Thursday, January 17, 2008

Injection with MAC filtering on

There are many reasons that attack 1 won't work. One reason could be that you're not close enough to the AP. Moving your network card or laptop a couple of inches in different directions may help. It's amazing what a little turn can do.

There is another thing that can cause it to fail. MAC filtering may be turned on on the AP. What this means is that the AP only let's associations with MAC addresses that are on a list it has. So, what can we do. Well, we can turn on attack 3 and hope someone else is reconnecting to the AP at the current time. Not so hopeful?

Okay, here's what we can do. You should still have airodump open from before. If not go back and follow the instructions to get it up and running. Now you will notice that besides the chart on top with the APs in range, there is also another chart under it. What's that?

Okay, that chart shows all other wireless network devices in range and the APs that they are associated with. Now, look at the list (if there is one). You may only have one or two computers in range, or maybe even zero. If you have none, sorry, you can skip this step. It's not going to happen. Actually, wait a few minutes and some connections may pop up.

If you've got a list of stuff there... Continue reading...

What we need is a computer that's associated with the target AP. The first column on the list will either say (not associated) or it will have a MAC address in it. This MAC address will match one of the addresses in the top chart. If it says 'not associated' then it is not going to suit our purpose. If you found an associated client with the first column matching our target AP, we're in luck.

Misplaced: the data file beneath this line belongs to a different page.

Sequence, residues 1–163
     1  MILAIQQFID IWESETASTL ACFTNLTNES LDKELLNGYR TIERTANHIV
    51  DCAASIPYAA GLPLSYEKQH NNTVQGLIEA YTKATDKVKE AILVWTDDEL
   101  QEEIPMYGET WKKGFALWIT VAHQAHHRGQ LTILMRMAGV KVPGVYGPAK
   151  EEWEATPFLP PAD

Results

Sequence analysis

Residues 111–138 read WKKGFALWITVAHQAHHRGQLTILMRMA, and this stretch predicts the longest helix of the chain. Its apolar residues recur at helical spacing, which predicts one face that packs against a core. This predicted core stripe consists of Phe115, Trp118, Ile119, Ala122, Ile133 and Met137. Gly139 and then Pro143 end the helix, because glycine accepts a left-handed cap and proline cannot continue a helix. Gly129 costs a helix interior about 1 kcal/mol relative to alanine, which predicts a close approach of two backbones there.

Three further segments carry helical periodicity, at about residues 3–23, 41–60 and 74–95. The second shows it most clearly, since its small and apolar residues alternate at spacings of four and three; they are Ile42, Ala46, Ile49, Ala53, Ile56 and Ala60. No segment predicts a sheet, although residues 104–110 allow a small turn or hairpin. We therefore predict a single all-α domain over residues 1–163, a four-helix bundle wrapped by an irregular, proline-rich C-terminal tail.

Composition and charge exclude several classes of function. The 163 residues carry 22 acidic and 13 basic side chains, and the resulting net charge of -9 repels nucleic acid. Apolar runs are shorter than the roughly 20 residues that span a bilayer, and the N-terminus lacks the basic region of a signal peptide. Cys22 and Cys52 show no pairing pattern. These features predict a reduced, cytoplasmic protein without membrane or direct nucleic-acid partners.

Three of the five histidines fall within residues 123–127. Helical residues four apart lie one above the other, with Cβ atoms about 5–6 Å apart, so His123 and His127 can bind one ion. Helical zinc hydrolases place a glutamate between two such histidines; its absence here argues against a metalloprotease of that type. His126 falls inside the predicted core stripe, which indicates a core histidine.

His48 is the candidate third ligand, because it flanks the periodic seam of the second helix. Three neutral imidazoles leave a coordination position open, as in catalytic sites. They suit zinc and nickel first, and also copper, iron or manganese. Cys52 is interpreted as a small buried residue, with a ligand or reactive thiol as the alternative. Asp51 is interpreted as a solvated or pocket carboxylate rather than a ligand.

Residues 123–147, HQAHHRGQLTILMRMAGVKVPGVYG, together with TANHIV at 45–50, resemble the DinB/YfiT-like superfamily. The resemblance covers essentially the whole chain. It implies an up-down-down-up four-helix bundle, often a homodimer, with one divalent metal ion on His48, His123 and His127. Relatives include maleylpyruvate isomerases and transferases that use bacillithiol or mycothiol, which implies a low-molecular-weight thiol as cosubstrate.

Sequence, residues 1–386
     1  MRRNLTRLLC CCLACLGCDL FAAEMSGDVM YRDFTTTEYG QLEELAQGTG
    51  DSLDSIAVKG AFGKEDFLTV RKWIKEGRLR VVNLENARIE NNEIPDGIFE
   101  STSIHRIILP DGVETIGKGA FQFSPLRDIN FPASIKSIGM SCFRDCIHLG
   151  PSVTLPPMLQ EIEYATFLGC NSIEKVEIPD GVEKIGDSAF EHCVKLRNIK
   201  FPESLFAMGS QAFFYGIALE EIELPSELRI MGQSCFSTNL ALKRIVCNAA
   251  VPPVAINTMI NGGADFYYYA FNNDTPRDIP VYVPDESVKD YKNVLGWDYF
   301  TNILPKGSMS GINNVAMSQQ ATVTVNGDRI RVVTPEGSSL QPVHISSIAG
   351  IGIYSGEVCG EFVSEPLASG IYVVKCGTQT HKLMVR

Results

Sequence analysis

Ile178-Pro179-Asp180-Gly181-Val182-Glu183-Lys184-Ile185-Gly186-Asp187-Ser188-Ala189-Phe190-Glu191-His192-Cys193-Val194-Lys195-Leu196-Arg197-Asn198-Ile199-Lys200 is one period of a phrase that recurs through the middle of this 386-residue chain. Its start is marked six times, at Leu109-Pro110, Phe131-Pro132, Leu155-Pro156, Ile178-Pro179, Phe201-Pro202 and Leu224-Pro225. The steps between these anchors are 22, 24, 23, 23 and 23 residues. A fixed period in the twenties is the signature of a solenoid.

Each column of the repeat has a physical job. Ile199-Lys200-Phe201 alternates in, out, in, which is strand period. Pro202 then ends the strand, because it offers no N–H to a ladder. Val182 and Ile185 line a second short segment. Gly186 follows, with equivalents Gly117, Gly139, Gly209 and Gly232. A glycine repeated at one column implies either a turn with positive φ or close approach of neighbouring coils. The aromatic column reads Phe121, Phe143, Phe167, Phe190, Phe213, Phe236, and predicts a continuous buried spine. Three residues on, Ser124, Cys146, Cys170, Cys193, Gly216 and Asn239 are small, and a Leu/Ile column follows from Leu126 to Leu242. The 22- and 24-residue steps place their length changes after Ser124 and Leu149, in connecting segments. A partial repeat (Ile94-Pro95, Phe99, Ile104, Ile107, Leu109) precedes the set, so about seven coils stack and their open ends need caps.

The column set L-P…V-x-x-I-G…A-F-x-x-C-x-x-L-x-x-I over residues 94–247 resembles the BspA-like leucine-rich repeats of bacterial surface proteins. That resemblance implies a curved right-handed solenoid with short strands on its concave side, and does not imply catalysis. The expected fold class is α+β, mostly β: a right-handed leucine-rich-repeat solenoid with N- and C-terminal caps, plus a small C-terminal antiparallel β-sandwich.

What we now need to do is make our MAC address match the one that is associated. Why is this? Because although MAC filtering is on, if that MAC address is associated, it obviously is on the list of allowed MACs. So if our MAC matches that client's, then we're also allowed. COOL!!

To change our MAC address, open a Konsole shell.

Type : macchanger --show rausb0

As usual, replace rausb0 with the name of your network interface device (eth0, ath0, ath1...). Now your screen should show you your current MAC address.

Type : macchanger -m 01:23:45:67:89:10 rausb0

Wait!! Don't type yet. replace the address 01:23:45:67:89:10 with the address of the associated client you found down on the bottom chart. (Not the AP we wat to connect to. The client that is connected to our target AP).

Now, when you again

Type : macchanger --show rausb0

your should see the associated client's MAC address as your own. Nice...

Now go back and try attack 1, and if the problem was MAC filtering, you've just solved it.


Anonymous said...

excelent explanation of how to get around mac address filtering. the other tutorials ive read were complicated with a bunch of confusing jargon. this is simple and right to the point! thanks!

dohtur03 said...

Man, You are the best! Easy to read, easy to understand! Thanks!